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Write Your Vision Statement for Weight Loss

Find Out Why You've Set Your Goals

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Writing Your Weight Loss Vision Statement

A comprehensive and wide-ranging Vision Statement sets the stage for everything that follows in your weight loss efforts. This Vision Statement can (and should) provide both inspiration and direction.

Inspiration
Your Vision Statement should tell you why you want to lose weight or get fit, and why the hard work and effort to accomplish your goal is worth it. Your answers to these "why" questions can include some "general" elements (feeling good about yourself, being around for your grandkids, being a good role model, having the career or relationship you really want, etc), but as much as possible, the big picture you paint here should have specific details. You can generate this detail by asking yourself questions like:
  1. What do I want my life to look like in (1, 5 or 10) years? Explain what you want to be doing, the roles you want to take on, how you want to see yourself, etc.
     
  2. What would my ideal days look like? Explain why you'd look forward to getting up in the morning, the first thing you'd do every day, who you'd spend time with, the good experiences you want to have each day, how you'd face challenges in your daily life, etc.
     
  3. What personal values (love, human connection, security, independence, comfort, variety, interest, excitement, contribution to society, family, career success, etc.) do I want my daily life to express and reflect? Include how you'd rank these values if you had to choose between them at any given moment.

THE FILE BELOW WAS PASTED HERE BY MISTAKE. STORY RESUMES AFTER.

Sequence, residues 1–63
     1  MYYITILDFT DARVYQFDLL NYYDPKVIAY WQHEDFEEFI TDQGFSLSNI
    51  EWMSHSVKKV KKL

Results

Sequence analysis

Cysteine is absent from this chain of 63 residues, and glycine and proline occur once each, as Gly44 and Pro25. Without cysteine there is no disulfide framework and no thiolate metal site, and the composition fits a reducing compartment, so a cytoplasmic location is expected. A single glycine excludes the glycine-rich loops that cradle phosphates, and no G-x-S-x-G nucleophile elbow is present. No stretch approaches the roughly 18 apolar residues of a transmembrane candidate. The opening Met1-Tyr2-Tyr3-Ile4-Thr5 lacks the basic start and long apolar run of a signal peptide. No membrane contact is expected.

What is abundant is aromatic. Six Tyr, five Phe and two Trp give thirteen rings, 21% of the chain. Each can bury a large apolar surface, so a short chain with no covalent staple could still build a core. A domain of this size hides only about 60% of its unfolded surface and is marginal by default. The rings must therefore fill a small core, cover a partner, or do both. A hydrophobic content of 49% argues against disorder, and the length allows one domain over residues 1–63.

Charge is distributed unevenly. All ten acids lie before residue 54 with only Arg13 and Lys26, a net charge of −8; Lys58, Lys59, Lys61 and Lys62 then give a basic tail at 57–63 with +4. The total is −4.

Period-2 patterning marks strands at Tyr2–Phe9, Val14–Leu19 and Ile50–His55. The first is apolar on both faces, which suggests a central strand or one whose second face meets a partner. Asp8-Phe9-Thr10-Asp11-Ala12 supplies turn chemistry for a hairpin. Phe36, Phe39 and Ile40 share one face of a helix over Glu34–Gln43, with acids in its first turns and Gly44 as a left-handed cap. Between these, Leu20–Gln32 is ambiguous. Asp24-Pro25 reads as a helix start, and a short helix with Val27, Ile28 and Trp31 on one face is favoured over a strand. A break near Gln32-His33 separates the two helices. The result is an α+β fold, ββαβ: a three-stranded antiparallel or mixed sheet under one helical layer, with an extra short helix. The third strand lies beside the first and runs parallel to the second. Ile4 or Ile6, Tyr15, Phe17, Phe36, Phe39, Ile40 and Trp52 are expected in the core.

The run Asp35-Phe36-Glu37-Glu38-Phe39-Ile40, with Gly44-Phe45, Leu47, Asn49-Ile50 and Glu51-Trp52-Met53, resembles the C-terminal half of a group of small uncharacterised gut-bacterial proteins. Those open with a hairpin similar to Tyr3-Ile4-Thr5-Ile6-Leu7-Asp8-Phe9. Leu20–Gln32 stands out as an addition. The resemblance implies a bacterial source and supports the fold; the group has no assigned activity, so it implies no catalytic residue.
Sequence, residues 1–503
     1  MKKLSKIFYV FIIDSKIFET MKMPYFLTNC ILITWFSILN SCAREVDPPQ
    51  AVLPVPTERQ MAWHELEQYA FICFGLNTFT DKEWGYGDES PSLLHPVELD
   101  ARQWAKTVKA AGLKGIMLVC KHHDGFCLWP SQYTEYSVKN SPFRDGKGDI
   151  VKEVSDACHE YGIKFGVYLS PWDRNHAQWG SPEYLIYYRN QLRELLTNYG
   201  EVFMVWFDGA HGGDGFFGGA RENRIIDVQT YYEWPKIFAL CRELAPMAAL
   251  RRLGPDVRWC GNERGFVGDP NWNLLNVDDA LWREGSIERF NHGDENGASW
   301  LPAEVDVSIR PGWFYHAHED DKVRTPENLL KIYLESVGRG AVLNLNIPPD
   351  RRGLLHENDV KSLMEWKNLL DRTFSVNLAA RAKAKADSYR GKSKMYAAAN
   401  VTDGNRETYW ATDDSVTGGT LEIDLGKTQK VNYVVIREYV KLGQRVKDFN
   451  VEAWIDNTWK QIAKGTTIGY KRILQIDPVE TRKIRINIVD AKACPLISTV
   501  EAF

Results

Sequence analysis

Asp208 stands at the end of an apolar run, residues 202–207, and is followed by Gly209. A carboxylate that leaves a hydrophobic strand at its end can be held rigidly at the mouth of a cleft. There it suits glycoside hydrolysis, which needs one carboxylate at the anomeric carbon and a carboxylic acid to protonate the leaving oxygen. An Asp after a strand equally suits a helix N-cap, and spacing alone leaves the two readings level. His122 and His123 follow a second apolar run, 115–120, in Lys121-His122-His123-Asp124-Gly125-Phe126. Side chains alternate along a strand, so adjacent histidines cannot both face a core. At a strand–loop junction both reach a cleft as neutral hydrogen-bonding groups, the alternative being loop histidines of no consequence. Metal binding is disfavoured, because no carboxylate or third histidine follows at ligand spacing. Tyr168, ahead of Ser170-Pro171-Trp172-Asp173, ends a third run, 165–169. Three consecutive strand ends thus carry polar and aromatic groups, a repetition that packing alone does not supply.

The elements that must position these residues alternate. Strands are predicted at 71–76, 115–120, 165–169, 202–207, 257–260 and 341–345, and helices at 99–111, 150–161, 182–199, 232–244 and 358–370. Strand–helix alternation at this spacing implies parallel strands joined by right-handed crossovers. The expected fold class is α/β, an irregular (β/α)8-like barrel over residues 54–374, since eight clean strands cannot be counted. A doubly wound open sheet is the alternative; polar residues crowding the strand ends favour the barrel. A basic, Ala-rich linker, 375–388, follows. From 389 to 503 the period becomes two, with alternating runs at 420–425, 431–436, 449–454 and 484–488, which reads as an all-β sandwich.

Your Vision Statement doesn't need to include all these questions and answers—just your main goals and concerns that float to the top. The questions are just tools you can use to get yourself thinking. It should also include your beliefs about why losing weight is crucial to meeting your "big picture" goals.

Direction
Your Vision Statement should tell you what else (besides your weight) needs to change within yourself and your life to help you get from where you are now to where you want to be. For example, you could take the list of ranked values you created above and compare that to the values that appear to be guiding your life right now; you could compare your ideal day to your typical day now.

It is crucial NOT to get down on yourself over the way things are now. Make sure you are focusing on what you CAN do to change your life as you see fit. If you aren't ready to give up the self-blame, skip this part of your Vision Statement for now.
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About The Author

Dean Anderson Dean Anderson
Dean Anderson has master's degrees in human services (behavioral psychology/stress management) and liberal studies. His interest in healthy living began at the age of 50 when he confronted his own morbid obesity and health issues. He joined SparkPeople and lost 150 pounds and regained his health. Dean has earned a personal training certification from ACE and received training as a lifestyle and weight management consultant. See all of Dean's articles.

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